Malaysia Airlines MH17 crash: Blogger captures footage ‘showing BUK missile launcher that shot down jet’ now back in Russia

Ukrainian sources said the apparent Russian military truck had been travelling from the Ukraine-Russia border

This footage reportedly captured by a Russian blogger has been seized upon by Ukrainian sources as evidence the BUK missile launcher involved in the MH17 crash may have been moved across the border
This footage reportedly captured by a Russian blogger has been seized upon by Ukrainian sources as evidence the BUK missile launcher involved in the MH17 crash may have been moved across the border

A Russian blogger has uploaded video footage that may show the BUK anti-air missile launcher which shot down Malaysia Airlines flight MH17 over Ukraine last week.

Ukrainian sources have seized on the clip as evidence that the launcher – key to the investigation into the deaths of the 298 people on board – has now been returned to Russia.

Though the exact location where the video was captured cannot be independently verified, it apparently shows a part of western Russia not far from the border with Ukraine.

Taken at around 8.45pm on Saturday, it shows a convoy of at least two trucks, one of which is loaded with a covered military vehicle with caterpillar tracks.

It comes after another video emerged at the end of last week which Ukrainian officials said showed the BUK M1 launcher – with one of its missiles missing – being moved on a truck towards the Russian border.

And the latest video has been shared online under the title: “A Russian blogger filmed the BUK M1 in Russia, the one that shot the Boeing”.

A caption for the video reads: “For two kilometres, a blogger from Russia has been driving behind covered BUK 1M which, according to his words, had been driving from the Ukrainian border. His opinion is that it is exactly the BUK that made the shot.”

While the Ukrainian government continued to scramble for evidence that the passenger jet was shot down by separatists using Russian military supplies, Vladimir Putin condemned what he described as the exploitation of the tragic incident for “mercenary objectives”.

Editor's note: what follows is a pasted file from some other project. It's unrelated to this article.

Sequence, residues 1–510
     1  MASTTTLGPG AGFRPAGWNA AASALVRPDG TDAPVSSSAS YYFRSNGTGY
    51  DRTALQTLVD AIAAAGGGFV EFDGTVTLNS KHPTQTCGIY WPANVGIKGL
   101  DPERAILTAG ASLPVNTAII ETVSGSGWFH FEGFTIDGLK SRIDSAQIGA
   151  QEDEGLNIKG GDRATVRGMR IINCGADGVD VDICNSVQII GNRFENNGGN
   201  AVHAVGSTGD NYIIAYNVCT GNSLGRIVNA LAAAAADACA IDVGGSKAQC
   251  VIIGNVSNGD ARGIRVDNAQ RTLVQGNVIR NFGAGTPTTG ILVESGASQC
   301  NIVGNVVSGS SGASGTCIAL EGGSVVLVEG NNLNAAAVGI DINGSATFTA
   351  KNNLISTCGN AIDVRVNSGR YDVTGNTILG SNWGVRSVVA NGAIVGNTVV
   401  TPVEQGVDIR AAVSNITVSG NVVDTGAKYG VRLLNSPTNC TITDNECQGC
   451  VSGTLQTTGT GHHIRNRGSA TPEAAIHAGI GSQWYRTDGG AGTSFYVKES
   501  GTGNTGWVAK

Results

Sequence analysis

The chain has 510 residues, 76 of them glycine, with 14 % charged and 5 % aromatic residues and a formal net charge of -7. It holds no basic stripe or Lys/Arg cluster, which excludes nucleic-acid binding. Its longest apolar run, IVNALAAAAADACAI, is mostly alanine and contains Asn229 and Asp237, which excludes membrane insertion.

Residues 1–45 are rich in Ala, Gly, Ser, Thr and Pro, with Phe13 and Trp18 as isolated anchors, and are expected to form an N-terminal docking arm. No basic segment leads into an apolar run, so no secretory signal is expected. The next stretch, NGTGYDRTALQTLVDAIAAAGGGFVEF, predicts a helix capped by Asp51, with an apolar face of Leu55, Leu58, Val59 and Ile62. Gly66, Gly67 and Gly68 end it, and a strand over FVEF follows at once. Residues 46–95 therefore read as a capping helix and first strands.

In a statement posted to the Kremlin website, Mr Putin said that the crash was being manipulated by forces keen to use it for their own purposes, without hinting as to who that might be.

He also said that his government supports an investigation run by a “full team of experts” working at the behest of UN agency the International Civil Aviation Organisation (ICAO).

He criticised Ukraine for reigniting fighting with the rebels and said: “We can say with confidence that if fighting in eastern Ukraine had not been renewed on 28 June, this tragedy would not have happened.

“Nobody should or does have a right to use this tragedy for such mercenary objectives.”

His comments come on the day that UN Security Council membersconsider an Australia-proposed resolution calling on separatists to make way for international experts, as well as a cease-fire in the vicinity.

Permanent council members will convene later this afternoon, with Australia’s foreign minister, Julie Bishop, expecting all 15 members to support the vote.

Register for free to continue reading

Registration is a free and easy way to support our truly independent journalism

By registering, you will also enjoy limited access to Premium articles, exclusive newsletters, commenting, and virtual events with our leading journalists

Please enter a valid email
Please enter a valid email
Must be at least 6 characters, include an upper and lower case character and a number
Must be at least 6 characters, include an upper and lower case character and a number
Must be at least 6 characters, include an upper and lower case character and a number
Please enter your first name
Special characters aren’t allowed
Please enter a name between 1 and 40 characters
Please enter your last name
Special characters aren’t allowed
Please enter a name between 1 and 40 characters
You must be over 18 years old to register
You must be over 18 years old to register
Opt-out-policy
You can opt-out at any time by signing in to your account to manage your preferences. Each email has a link to unsubscribe.

By clicking ‘Create my account’ you confirm that your data has been entered correctly and you have read and agree to our Terms of use, Cookie policy and Privacy notice.

This site is protected by reCAPTCHA and the Google Privacy policy and Terms of service apply.

Already have an account? sign in

By clicking ‘Register’ you confirm that your data has been entered correctly and you have read and agree to our Terms of use, Cookie policy and Privacy notice.

This site is protected by reCAPTCHA and the Google Privacy policy and Terms of service apply.

Register for free to continue reading

Registration is a free and easy way to support our truly independent journalism

By registering, you will also enjoy limited access to Premium articles, exclusive newsletters, commenting, and virtual events with our leading journalists

Already have an account? sign in

By clicking ‘Register’ you confirm that your data has been entered correctly and you have read and agree to our Terms of use, Cookie policy and Privacy notice.

This site is protected by reCAPTCHA and the Google Privacy policy and Terms of service apply.

Join our new commenting forum

Join thought-provoking conversations, follow other Independent readers and see their replies

Comments

Thank you for registering

Please refresh the page or navigate to another page on the site to be automatically logged inPlease refresh your browser to be logged in